SWP-BERLIN.ORG Leaving the EU Weakens UK Foreign and Security Policy, Closer Ties Remain in Germany’s Interest SWP Comment 2018/C 24, June 2018, 8 Pages Under the leitmotif of “Global Britain”, the British government is painting Brexit as a unique opportunity to rethink its foreign and security policy: stronger, more influential, more global. The heart of the concept is a global outlook and bilateral agreements to compensate the loss of EU ties. In fact, however, the looming reality of Brexit appears to be weakening the United Kingdom diplomatically and spotlighting the constraints that individual nation states face. Confronted with rising transatlantic tensions and a resurgent China and Russia, the EU has no interest in having a weakened and insecure neighbour right across the Channel. But neither will the EU offer the UK special access to its foreign and security policy as a third country. In parallel to the Brexit negotiations, Germany should therefore keep channels open by inten

No “Global Britain” after Brexit

SWP-BERLIN.ORG Leaving the EU Weakens UK Foreign and Security Policy, Closer Ties Remain in Germany’s Interest SWP Comment 2018/C 24, June 2018, 8 Pages Under the leitmotif of “Global Britain”, the British government is painting Brexit as a unique opportunity to rethink its foreign and security policy: stronger, more influential, more global. The heart of the concept is a global outlook and bilateral agreements to compensate the loss of EU ties. In fact, however, the looming reality of Brexit appears to be weakening the United Kingdom diplomatically and spotlighting the constraints that individual nation states face. Confronted with rising transatlantic tensions and a resurgent China and Russia, the EU has no interest in having a weakened and insecure neighbour right across the Channel. But neither will the EU offer the UK special access to its foreign and security policy as a third country. In parallel to the Brexit negotiations, Germany should therefore keep channels open by inten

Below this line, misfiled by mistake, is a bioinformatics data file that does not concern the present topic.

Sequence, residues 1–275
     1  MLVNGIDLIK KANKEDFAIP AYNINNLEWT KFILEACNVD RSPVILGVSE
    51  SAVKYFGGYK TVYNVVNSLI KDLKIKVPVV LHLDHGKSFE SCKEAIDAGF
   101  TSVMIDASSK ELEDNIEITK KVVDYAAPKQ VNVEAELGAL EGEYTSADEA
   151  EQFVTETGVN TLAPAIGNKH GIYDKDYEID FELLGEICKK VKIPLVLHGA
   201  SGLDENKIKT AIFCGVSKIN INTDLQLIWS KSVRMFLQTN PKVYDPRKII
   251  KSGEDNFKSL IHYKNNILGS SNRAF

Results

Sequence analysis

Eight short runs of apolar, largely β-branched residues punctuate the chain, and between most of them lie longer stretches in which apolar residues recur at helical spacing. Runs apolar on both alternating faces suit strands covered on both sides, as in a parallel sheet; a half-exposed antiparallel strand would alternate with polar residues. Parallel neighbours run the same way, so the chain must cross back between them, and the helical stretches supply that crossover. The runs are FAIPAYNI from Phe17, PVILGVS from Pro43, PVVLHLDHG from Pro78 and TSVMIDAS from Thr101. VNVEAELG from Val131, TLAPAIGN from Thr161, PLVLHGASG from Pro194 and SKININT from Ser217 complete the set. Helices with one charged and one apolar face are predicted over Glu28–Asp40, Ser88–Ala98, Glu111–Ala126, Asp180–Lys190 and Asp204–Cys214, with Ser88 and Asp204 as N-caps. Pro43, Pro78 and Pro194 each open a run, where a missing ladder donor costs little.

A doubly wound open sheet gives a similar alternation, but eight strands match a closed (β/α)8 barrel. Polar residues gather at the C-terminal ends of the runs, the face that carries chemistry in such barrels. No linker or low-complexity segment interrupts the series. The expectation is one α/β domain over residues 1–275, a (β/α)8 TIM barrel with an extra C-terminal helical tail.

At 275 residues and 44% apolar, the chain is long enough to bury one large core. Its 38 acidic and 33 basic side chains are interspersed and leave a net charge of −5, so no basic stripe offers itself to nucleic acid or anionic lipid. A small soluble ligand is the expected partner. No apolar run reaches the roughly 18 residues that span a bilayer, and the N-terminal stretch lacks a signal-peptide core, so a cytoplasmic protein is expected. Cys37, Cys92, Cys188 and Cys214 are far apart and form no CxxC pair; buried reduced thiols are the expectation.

India must explore new strategies to counter Pakistan's hostility, and do it without firing a single bullet

India Smarak Swain & Pradeep Singh GautamJun 27, 2018 13:13:2  India and Pakistan have been in a state of covert and overt aggression against each other since their partition in 1947. There have been sporadic efforts at peace, but Pakistan remains ideologically and irreconcilably hostile to India's growth and prosperity. With conventional war no longer an option between the nuclear-armed rivals, India needs to explore more effective methods of neutralising this threat. In his classic treatise  The Art of War , Sun Tzu had argued that the perfect strategy would be to subdue the enemy without fighting. Novel strategies need to be explored to make the cost of Pakistan's unrelenting hostility literally unaffordable. In a recent report on the state of Pakistan's economy, the International Monetary Fund (IMF) questioned its macroeconomic stability. Surging imports have led to a widening current account deficit and a significant decline in international reserves despite hi

EUISS Yearbook of European Security 2018